As we look forward to National Poetry Month, I thought it would be a nice time to have a poet on the blog. Laura Shovan is a celebrated poet whose debut novel in verse, THE LAST FIFTH GRADE OF EMERSON ELEMENTARY, comes out on April 12th. Read through to the end for an opportunity to win it!
Photo credit: Karen Leigh Studios.
Why is poetry appealing to kids?
Children love the idea that words can create pictures in their minds. I sometimes play a game with them where I say, “An elephant is not standing on your teacher’s desk.” And we all laugh about the elephant who suddenly appeared in our imaginations, in spite of the word “not.” Prose has imagery too, but the white space of poetry allows those images to breathe. The pause we naturally make between one line and the next gives the reader time to absorb the sensory images and ideas, and to make connections.
For kids who haven’t discovered poetry yet, what are some good places to start?
I love Calef Brown’s books for early experiences with poetry. At home, we started with his Polka Bats and Octopus Slacks. The poems are short and funny. They include quirky rhymes and great characters, like Olf the terrible pirate (“terrible” as in really bad at being a pirate) from Brown’s book Dutch Sneakers and Flea Keepers. Nursery rhymes are great, as are tongue twister books such as Charlotte Pomerantz’s The Piggy in the Puddle and Dr. Seuss’s Fox in Socks, which both feature wordplay.
As children move through elementary school, I like poetry books on subjects they are interested in, such as Marilyn Singer’s Echo Echo for fans of Greek mythology, Jeff Moss’s dinosaur book Bone Poems, and Laura Purdie Salas’s A Fuzzy-Fast Blur: Poems about Pets. Sharon Creech’s Love That Dog is a wonderful introduction to novels in verse.
Can you recommend some exercises to get kids writing poetry?
The first thing I recommend is to focus on a single poetry-writing skill in each workshop, at least with elementary schoolers. One of my favorite workshops to begin with is onomatopoeia poems. I ask students to write about a place they know well, or an activity they like to do, using as much onomatopoeia as they can. We make it into a riddle poem. The poet will read his draft out loud to the class and everyone guesses where he is or what he is doing in the poem.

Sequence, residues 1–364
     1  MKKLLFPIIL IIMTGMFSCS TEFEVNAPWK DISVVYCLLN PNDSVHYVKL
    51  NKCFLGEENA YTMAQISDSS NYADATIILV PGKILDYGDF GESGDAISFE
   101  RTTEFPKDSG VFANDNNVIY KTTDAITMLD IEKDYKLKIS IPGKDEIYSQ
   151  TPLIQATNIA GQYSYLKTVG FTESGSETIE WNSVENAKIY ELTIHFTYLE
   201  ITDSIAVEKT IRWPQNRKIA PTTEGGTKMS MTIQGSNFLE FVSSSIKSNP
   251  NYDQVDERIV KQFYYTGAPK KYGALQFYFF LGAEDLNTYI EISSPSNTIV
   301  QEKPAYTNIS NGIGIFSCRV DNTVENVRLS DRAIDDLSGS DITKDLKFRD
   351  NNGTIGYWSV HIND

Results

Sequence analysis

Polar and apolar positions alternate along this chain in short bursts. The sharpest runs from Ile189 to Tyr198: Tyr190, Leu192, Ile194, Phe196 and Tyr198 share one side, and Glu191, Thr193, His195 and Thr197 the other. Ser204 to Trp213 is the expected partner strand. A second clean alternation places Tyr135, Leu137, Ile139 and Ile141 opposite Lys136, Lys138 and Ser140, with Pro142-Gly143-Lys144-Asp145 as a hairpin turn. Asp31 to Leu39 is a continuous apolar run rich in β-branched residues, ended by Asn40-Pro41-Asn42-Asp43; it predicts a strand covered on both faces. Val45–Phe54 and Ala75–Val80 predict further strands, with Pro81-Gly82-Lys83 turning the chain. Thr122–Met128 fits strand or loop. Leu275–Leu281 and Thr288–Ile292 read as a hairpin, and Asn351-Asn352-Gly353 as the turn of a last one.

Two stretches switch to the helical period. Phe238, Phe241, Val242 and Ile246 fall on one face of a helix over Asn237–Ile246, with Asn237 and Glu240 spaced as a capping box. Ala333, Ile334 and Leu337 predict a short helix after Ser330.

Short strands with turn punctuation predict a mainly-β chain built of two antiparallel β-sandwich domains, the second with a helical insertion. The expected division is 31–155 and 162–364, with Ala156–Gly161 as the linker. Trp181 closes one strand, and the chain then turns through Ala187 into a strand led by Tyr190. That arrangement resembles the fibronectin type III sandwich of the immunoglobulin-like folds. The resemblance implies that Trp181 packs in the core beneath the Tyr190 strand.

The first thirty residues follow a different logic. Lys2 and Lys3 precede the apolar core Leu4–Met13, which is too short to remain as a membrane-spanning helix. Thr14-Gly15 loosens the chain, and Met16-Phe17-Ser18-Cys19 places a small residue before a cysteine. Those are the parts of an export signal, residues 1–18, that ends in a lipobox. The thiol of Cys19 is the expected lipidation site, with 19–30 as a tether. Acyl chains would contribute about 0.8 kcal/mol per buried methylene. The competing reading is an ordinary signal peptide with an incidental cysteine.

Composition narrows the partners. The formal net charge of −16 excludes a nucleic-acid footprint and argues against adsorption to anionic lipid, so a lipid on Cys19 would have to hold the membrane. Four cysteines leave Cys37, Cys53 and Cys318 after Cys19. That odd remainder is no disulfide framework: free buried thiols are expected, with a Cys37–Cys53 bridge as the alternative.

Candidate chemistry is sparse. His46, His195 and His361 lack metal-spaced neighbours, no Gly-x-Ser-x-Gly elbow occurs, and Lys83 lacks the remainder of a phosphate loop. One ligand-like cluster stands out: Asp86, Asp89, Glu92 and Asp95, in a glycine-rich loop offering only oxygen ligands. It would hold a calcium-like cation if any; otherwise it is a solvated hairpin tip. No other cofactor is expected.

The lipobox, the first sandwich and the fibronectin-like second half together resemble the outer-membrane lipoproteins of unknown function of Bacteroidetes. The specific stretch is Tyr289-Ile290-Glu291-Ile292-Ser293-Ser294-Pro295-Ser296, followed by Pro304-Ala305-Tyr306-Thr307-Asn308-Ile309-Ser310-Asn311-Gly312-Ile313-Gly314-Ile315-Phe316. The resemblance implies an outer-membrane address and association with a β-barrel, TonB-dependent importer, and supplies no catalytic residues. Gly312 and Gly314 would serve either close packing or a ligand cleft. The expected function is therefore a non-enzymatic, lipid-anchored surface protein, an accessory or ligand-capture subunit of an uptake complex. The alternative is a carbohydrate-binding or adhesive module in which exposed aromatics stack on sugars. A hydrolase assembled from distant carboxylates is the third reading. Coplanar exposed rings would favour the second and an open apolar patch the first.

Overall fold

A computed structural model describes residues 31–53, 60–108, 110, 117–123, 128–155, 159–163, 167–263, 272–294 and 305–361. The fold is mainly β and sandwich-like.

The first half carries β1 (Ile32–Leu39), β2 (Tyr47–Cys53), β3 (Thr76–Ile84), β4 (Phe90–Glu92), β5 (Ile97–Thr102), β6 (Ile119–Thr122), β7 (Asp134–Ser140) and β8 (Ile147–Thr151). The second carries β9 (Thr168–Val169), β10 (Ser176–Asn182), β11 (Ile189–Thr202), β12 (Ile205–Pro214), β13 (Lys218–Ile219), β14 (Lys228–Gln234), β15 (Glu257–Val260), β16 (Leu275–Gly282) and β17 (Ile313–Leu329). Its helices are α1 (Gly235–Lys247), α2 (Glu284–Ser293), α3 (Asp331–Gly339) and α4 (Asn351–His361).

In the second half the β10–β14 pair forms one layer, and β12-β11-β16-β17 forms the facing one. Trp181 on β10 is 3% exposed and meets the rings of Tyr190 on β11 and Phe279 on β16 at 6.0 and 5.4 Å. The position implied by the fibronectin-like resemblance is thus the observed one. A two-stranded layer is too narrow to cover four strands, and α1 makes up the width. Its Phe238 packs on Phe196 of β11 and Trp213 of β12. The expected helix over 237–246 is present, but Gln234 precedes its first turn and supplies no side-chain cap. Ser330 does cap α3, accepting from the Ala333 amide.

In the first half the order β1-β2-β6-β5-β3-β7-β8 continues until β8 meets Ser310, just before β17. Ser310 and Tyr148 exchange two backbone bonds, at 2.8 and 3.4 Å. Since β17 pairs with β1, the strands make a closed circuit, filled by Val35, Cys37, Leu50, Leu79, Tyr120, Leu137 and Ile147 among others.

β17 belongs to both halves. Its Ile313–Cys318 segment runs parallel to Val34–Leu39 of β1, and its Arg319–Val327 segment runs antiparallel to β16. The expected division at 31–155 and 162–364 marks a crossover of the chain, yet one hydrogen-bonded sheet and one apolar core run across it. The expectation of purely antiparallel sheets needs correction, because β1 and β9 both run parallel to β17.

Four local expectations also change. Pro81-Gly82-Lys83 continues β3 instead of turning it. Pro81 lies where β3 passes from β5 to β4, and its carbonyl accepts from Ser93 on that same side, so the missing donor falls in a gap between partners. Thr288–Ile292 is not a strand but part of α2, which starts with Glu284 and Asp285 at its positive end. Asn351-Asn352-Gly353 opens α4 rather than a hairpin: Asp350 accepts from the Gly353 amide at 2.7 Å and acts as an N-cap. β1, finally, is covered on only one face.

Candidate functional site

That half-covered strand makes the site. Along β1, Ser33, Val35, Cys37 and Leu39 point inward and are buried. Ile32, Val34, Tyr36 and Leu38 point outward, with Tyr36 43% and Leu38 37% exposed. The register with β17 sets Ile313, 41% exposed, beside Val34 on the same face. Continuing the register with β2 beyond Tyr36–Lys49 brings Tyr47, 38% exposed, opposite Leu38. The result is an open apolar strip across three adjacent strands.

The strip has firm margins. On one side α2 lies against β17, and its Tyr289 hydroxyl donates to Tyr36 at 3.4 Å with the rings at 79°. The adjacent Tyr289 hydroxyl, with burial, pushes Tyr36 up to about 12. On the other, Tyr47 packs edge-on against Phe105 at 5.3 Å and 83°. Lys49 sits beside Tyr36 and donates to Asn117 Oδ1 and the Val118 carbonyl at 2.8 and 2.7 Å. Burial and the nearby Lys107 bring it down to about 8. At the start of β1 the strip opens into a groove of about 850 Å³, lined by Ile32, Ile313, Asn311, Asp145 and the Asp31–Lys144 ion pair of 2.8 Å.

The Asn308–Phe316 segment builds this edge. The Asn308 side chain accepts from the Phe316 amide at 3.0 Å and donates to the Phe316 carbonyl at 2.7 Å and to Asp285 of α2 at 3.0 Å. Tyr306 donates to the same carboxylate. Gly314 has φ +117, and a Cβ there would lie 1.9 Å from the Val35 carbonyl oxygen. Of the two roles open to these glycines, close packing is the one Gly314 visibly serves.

The fun part about this workshop is that, as we move ahead and write other poems, the onomatopoeia words stick. The children naturally incorporate them into their later writing. This and other writing prompts for kids are included in the back of THE LAST FIFTH GRADE OF EMERSON ELEMENTARY.
Can you share any stories about your work with kids and poetry?
I hope you don’t mind a sad story.
I was doing a fourth grade poetry residency one winter. There was a boy in the class whose mother had died. He hadn’t been participating much, but sat with an aide in the back of the room. Then one day, he wrote a poem wishing his mother could come down from heaven and scold him for not doing his chores. All of the adults started tearing up. I found out later, it was the first time he had talked about his mother’s death at school.
There is something about making space in the school day, or at home, for writing poetry, that allows young people to open up. I think it’s because the writing task is different from the usual school assignments, which focus on analysis, persuasion, and earning a grade. When we ask children and teens to write about their experiences, the things they feel deeply about, we’re letting them know that they are valued not only as students, but as full human beings. That’s a powerful thing!
Laura Shovan’s engaging novel, THE LAST FIFTH GRADE OF EMERSON ELEMENTARY, is a time capsule of one class’s poems during a transformative school year. The students grow up and move on in this big-hearted debut about finding your voice and making sure others hear it. To win a copy of this lovely story, leave a comment below by midnight EDT on Friday. For two entries, tweet about this giveaway! (Please make sure your email address and twitter profile are included in your comment.)
Laura Shovan is former editor for Little Patuxent Review and editor of two poetry anthologies. Her chapbook, Mountain, Log, Salt and Stone, won the inaugural Harriss Poetry Prize. Laura works with children as a poet-in-the-schools and is currently serving as the Howard County Poetry and Literature Society’s Writer-in-Residence. The Last Fifth Grade of Emerson Elementary, her novel-in-verse for children, will be published in April 12 (Wendy Lamb Books/Random House).
Katharine Manning is a middle grade writer who has loved poetry since a teacher handed her Gwendolyn Brooks’s We Real Cool in fourth grade. You can read her middle grade book reviews, including of THE LAST FIFTH GRADE OF EMERSON ELEMENTARY, at Kid Book List. You can also find her at www.katharinemanning.com and @SuperKate.